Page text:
Aims/hypothesis: Glucose-dependent insulinotropic polypeptide (GIP) is an enteroendocrine hormone that promotes storage of glucose and fat. Its secretion from intestinal K cells is triggered by nutrient ingestion and is modulated by intracellular cAMP. In view of the proadipogenic actions of GIP, this study aimed to identify pathways in K cells that lower cAMP levels and GIP secretion.
Methods: Murine K cells purified by flow cytometry were analysed for expression of G(αi)-coupled receptors by transcriptomic microarrays. Somatostatin and cannabinoid receptor expression was confirmed by quantitative RT-PCR. Hormone secretion in vitro was measured in GLUTag and primary murine intestinal cultures. cAMP was monitored in GLUTag cells using the genetically encoded sensor Epac2-camps. In vivo tolerance tests were performed in cannulated rats.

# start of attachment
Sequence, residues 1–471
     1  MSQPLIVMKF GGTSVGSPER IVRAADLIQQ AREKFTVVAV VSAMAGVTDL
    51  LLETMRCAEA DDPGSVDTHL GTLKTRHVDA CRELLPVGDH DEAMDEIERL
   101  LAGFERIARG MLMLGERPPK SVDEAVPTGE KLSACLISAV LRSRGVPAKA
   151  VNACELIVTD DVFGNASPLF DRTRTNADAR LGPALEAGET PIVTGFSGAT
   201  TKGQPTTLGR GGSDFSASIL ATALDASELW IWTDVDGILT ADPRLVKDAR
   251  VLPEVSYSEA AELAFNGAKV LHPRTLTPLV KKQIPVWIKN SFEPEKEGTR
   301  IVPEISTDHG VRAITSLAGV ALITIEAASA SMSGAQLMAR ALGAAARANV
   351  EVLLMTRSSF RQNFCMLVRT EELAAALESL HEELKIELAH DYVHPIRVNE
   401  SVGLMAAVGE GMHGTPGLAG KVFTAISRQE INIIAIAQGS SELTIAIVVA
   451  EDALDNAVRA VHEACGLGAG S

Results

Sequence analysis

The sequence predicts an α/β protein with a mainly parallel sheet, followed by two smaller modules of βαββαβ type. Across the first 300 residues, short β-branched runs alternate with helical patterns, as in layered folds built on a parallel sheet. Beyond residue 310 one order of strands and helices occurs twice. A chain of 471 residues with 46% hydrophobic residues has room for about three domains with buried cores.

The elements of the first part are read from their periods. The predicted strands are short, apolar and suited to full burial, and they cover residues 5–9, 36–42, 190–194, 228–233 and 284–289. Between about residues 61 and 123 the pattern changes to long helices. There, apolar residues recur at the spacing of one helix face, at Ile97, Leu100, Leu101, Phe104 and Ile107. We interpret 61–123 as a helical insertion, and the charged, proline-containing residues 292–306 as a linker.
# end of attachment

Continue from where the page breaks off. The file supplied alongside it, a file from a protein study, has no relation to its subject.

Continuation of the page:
Results: Purified murine K cells expressed high mRNA levels for somatostatin receptors (Sstrs) Sstr2, Sstr3 and Sstr5, and cannabinoid receptor type 1 (Cnr1, CB1). Somatostatin inhibited GIP and glucagon-like peptide-1 (GLP-1) secretion from primary small intestinal cultures, in part through SSTR5, and reduced cAMP generation in GLUTag cells. Although the CB1 agonist methanandamide (mAEA) inhibited GIP secretion, no significant effect was observed on GLP-1 secretion from primary cultures. In cannulated rats, treatment with mAEA prior to an oral glucose tolerance test suppressed plasma GIP but not GLP-1 levels, whereas the CB1 antagonist AM251 elevated basal GIP concentrations.
Conclusions/interpretation: GIP release is inhibited by somatostatin and CB1 agonists. The differential effects of CB1 ligands on GIP and GLP-1 release may provide a new tool to dissociate secretion of these incretin hormones and lower GIP but not GLP-1 levels in vivo.